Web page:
because there are lot more variations in the data set. so please suggest me the way how I can compare it properly.and in a significant way.

  5. Apr 30, 2014 #4


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    I don't see what those values are supposed to mean. The first one is "how large is the maximum (only urban or both?) compared to the urban average that day", okay (I don't see the interpretation of this value. What does "50%" tell you, for example?). But the second, where you divide by SWmax? "how large is the rural average compared to the maximum, and then take the negative value of this".
  6. Apr 30, 2014 #5
    I have taken the maximum values of each time (time series format)combining both Urban and Rural,and of whole 1 month.I simply used the command =max(..:..) in excel to get this. The final comparison is in the form of Percentage But the formula above i mentioned was little mistake Sorry.......

    To compare the result I used ((SWmax-Uavg)/Uavg*100)% and ((SWmax-Ravg)/SWmax*100)% (Wrong)
    To compare the result I used ((SWmax-Uavg)/SWmax*100)% and ((SWmax-Ravg)/SWmax*100)%(Correct)

    actually the percentage gives the "decreased ratio of short wave flux.50% means the there is the presence of cloud which is thicker enough to block the 50% of the Short wave radiation at that time.

    In my case i got less then 1% difference between Urban and the rural%.In this case can i conclude my results with such less values difference? and do I need to check the significance of the raw data.As i tested T test for each time the % came out to be more then 40% in some times even 90%.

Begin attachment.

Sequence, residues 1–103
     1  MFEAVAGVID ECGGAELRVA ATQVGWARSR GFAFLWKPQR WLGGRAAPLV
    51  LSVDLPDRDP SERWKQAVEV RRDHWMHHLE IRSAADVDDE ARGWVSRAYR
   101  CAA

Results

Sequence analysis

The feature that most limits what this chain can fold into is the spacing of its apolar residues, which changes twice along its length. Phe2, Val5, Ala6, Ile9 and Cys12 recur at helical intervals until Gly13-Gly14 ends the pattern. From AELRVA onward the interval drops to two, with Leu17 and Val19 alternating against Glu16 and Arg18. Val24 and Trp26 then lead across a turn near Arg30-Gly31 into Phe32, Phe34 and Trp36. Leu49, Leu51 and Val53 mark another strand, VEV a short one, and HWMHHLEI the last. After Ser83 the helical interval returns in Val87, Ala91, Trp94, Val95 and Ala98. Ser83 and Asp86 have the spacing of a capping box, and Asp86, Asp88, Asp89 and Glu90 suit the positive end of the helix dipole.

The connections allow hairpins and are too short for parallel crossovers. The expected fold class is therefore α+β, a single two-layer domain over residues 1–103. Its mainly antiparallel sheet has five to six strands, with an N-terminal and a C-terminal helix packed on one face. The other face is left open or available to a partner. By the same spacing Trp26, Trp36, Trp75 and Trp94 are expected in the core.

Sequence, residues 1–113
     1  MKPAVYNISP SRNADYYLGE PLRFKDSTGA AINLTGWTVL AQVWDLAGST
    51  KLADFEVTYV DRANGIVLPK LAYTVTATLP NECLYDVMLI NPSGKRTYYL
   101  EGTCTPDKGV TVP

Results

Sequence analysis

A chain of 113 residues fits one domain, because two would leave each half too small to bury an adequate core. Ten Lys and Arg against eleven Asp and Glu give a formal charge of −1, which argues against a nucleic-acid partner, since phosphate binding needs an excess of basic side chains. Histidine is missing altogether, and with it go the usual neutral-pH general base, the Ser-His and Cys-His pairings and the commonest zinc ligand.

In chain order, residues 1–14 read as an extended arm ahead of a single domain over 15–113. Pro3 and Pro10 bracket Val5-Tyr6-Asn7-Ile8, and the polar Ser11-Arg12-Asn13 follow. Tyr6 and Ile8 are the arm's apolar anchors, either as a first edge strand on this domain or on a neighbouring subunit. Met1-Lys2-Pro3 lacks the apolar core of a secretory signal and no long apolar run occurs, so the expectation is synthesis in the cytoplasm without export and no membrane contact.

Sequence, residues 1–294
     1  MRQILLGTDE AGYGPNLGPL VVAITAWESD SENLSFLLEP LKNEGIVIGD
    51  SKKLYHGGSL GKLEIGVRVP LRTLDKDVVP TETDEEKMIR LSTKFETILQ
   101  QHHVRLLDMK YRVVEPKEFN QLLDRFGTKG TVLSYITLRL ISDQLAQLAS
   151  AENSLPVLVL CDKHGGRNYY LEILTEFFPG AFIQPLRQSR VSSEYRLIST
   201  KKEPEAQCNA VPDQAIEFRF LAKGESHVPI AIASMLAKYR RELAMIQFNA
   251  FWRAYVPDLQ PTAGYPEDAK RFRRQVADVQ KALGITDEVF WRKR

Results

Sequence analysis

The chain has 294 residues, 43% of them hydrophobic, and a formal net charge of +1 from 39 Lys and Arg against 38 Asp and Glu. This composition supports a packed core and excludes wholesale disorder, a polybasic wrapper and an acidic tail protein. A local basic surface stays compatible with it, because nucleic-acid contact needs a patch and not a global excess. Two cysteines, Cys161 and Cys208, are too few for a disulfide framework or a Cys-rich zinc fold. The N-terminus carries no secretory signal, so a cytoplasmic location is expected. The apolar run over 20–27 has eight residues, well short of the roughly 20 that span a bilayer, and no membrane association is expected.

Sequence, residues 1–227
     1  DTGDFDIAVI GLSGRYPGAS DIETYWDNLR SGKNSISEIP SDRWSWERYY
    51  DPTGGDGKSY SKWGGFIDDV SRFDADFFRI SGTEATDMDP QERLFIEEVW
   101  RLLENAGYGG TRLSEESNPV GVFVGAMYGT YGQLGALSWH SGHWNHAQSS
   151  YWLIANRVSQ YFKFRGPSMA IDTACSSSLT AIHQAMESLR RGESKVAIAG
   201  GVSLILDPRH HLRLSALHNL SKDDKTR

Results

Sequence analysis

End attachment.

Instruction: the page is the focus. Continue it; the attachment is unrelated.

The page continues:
7. May 1, 2014 #6


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    This is hard to tell without knowing the actual setup and seeing the data, but I guess 1% is below multiple systematic effects, maybe even below the statistical effects.
    What is the significance of data? Significance of what?
  8. May 1, 2014 #7
    I am told that,for the validation of data and to compare the two different things, lets say Urban and Rural in my case I have to perform Ttest between the urban data set and the rural data set.But I am not sure why to check the significance between Urban and rural.

    Can you explain when and at what circumstances do we need to compare the significance.and do i need to check the t-test between Urban and rural?
  9. May 1, 2014 #8


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    I don't know what you mean with "compare the significance".
    I don't think so, but it depends on what exactly you want to find out.

    Data analysis methods always have some purpose. You cannot just "analyze data" and then everything is done. You have to define what you want to know first.
  10. May 2, 2014 #9
    My purpose for data analysis is to compare the Short wave radiation between Urban and Rural.like I mentioned in #3.so, My question is for this comparison between urban Shortwave and rural shortwave do we need to test the data like T-test of something else?

    Thank you very much for your kind suggestion.
  11. May 2, 2014 #10


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    That is a very broad topic. And I doubt you can get this at all with your data, as there are so many other factors that can influence your values.

    I guess you can use a t-test, but then you have to prepare a data sample that is suitable for it. Especially the required normal distribution of your values looks problematic - none of your measurement series will have a normal distribution. Maybe the difference between the averages, for each time step, can satisfy that.
  12. May 3, 2014 #11


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    If your hypothesis is that one set is higher than the other, you can rank order the 8 data for each day (or make one giant rank ordering for all data) and apply some non-parametric statistics tests. Then you would not need to make a model for either set of data.